TIE A YELLOW RIBBON
On September 11, 2001 the twin towers in New York were taken down and two thousand seven hundred and fifty-three people died. Yellow ribbons were flown and tied to trees nailed up on houses to demonstrate the depth of emotion that was experienced by just about everyone living in the United States. The yellow ribbon, as a demonstration of support, care and even grief, has a longer tradition than the catastrophic loss of the towers, however, in reality, the use of yellow ribbons skyrocketed after the release in 1973 of a song by Tony Orlando and Dawn.
“Tie a yellow ribbon around the old oak tree”, was the main refrain in that song’s lyrics. The ribbon became identified with having lost someone in the Vietnam war, and then represented those in support of the prisoners of war from that conflict. The ribbons re-appeared and streamed in the wind again following 911, and then again during the Iraqi war and the situation still going on in Afghanistan. The symbol has morphed into usage for a variety of other poignant causes, and loss from circumstances other than war. But the main identity established and maintained by the use of the yellow ribbon remains founded in its use following violent events, and those suffering the results of violent loss.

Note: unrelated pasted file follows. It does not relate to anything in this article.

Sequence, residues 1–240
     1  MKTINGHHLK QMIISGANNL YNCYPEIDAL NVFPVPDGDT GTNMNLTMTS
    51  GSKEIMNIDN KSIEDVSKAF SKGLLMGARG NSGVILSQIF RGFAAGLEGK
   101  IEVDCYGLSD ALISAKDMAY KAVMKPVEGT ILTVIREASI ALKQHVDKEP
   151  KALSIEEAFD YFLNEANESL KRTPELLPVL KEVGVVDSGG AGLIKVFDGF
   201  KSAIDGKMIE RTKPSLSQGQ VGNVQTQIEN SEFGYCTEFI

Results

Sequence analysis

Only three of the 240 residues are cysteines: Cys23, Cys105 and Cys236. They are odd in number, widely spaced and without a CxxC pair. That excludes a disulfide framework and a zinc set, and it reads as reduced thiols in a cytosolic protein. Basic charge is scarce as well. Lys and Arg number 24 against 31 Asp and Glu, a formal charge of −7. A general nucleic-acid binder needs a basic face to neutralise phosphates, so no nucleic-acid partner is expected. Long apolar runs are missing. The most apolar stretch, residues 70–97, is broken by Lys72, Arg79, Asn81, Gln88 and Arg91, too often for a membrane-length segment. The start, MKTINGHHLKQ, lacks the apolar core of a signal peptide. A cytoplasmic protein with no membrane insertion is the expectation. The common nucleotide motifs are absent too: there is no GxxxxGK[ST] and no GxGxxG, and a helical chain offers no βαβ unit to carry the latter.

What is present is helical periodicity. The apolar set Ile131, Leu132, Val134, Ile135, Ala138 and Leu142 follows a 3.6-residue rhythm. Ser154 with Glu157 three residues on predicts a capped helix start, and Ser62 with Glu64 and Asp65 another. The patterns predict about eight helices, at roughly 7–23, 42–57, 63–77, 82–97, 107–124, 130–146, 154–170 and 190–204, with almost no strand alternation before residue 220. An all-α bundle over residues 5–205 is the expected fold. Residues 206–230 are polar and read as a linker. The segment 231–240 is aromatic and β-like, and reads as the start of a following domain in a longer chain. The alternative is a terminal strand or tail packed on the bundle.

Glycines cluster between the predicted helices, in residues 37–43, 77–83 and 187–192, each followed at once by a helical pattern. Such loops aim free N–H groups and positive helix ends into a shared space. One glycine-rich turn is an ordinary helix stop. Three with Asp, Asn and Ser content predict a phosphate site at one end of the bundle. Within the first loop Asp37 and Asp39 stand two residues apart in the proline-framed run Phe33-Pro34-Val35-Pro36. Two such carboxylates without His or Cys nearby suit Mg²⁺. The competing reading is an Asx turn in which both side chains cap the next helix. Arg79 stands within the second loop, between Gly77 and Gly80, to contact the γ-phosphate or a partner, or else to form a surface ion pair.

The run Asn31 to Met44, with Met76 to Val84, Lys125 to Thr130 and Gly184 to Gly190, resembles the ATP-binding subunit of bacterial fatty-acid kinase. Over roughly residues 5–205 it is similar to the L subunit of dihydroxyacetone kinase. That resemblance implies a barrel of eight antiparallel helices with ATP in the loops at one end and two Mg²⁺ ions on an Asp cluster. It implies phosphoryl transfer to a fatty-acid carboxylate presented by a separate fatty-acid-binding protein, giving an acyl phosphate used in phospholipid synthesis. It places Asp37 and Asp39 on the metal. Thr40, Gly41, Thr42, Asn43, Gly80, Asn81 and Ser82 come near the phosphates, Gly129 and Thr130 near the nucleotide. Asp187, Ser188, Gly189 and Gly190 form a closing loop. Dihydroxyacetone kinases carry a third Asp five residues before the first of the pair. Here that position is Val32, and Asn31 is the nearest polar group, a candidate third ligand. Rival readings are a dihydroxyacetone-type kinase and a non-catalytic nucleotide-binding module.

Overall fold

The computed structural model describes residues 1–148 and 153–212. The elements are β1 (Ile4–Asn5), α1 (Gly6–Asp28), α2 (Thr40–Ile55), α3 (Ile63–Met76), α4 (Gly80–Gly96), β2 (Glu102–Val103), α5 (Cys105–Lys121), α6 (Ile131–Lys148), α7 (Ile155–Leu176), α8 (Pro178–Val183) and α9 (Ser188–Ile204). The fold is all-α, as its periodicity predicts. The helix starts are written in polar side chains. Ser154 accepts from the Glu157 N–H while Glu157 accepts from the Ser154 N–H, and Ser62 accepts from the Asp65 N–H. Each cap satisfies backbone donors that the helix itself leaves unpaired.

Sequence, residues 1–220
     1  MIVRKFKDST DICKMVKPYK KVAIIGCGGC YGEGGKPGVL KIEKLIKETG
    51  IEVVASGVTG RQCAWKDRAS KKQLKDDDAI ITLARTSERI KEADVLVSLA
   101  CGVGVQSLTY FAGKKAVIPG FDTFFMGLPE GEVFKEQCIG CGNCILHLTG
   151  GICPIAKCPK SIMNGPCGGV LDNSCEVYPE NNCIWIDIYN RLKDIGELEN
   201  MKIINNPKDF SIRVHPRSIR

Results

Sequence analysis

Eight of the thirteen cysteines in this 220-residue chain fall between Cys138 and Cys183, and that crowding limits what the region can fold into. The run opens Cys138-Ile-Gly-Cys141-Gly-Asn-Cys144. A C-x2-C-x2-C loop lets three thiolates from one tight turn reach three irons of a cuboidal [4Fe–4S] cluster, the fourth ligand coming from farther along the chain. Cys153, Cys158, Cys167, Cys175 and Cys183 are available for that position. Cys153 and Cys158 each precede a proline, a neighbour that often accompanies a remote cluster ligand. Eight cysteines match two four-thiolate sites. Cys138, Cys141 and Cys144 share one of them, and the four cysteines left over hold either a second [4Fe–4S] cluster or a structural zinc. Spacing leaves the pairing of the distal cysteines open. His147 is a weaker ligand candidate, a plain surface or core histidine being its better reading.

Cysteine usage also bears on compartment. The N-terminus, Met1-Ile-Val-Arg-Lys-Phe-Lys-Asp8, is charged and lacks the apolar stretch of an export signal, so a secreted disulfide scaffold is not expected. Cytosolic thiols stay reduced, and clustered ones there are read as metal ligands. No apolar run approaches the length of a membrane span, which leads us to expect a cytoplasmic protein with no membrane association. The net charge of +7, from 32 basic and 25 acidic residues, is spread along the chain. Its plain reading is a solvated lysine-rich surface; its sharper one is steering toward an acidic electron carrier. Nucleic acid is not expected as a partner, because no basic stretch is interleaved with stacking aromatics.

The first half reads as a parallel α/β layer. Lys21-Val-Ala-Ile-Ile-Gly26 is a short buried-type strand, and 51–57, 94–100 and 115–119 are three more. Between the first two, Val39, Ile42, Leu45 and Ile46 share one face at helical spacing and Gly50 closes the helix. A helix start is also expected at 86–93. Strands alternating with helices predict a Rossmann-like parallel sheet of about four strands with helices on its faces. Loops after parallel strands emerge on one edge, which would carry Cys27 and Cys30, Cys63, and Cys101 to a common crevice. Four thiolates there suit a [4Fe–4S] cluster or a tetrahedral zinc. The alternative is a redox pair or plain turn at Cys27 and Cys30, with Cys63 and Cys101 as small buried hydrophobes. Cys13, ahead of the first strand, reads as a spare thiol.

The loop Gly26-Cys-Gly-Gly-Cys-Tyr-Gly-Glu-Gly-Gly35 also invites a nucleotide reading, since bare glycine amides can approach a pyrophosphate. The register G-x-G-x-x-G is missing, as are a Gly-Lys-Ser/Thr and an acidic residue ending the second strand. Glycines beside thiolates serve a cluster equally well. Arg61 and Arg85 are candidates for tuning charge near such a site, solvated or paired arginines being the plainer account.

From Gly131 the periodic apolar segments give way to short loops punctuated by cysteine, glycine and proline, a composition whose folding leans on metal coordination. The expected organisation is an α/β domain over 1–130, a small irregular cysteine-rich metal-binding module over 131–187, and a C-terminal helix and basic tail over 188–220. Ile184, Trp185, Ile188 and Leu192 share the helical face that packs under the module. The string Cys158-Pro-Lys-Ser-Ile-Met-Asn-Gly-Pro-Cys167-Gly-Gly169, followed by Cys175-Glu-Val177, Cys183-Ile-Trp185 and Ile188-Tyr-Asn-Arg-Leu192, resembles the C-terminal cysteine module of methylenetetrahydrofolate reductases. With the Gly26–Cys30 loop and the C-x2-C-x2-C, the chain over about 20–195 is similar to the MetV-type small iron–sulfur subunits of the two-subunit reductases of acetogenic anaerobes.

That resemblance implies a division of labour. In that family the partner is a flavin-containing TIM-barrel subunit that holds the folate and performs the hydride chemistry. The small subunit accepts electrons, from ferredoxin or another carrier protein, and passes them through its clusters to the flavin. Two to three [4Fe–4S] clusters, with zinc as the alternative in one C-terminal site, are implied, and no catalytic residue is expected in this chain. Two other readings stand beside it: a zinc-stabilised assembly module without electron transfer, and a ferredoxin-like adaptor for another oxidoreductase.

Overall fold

One local person, a woman who lives alone, and runs her long-time business all on her own, was deeply affected by the events that occurred during and following the attack on the twin towers. She decided to do what she could about it. This kindly and deeply compassionate woman ordered two thousand seven hundred and fifty-three yellow ribbons. Nice ones. Expensive ones. The total tab was just a bit over ten thousand dollars. The ribbons came in boxes. Many of them. The yellow ribbons she ordered have yellow bows with many streamers. They are made of high quality nylon and they remain sealed in the boxes they came in, relegated to this woman’s basement. Originally, the woman was going to buy American flags on poles and sell the flags with the yellow ribbons attached. But she ran out of money. The flags never got ordered. Today, the boxes upon boxes of yellow ribbons remain on shelves in the basement space of the woman’s storage.
Only a lone yellow ribbon noticed by a Geneva Shore Reporter adorning an undecorated Christmas tree in front of the woman’s store gave any hint to the story. The ribbon was placed on the tree to commemorate those lost at Pearl Harbor on December 7th 1941. The reporter went inside to ascertain the meaning of the ribbon on the tree, and the story began to unfold. The ribbon was ribbon number two thousand seven hundred and fifty-three, taken from the very end of the basement collection. The woman indicated that she does not know what to do with the ribbons. She demonstrated, with a nearby American flag on a pole, how the ribbons would look if her original idea had been followed through on. This wonderful woman is named Ruth, and she runs a store many local people know; The Kite Store. It’s located down at121 Wrigley Dr. where Wrigley veers north to become Cook Street just before the intersection at Main.
If you have an American flag, or maybe want Ruth to order you one, then there is little doubt that your request for one of the yellow ribbons to accompany that flag will be met with approval and a loving smile.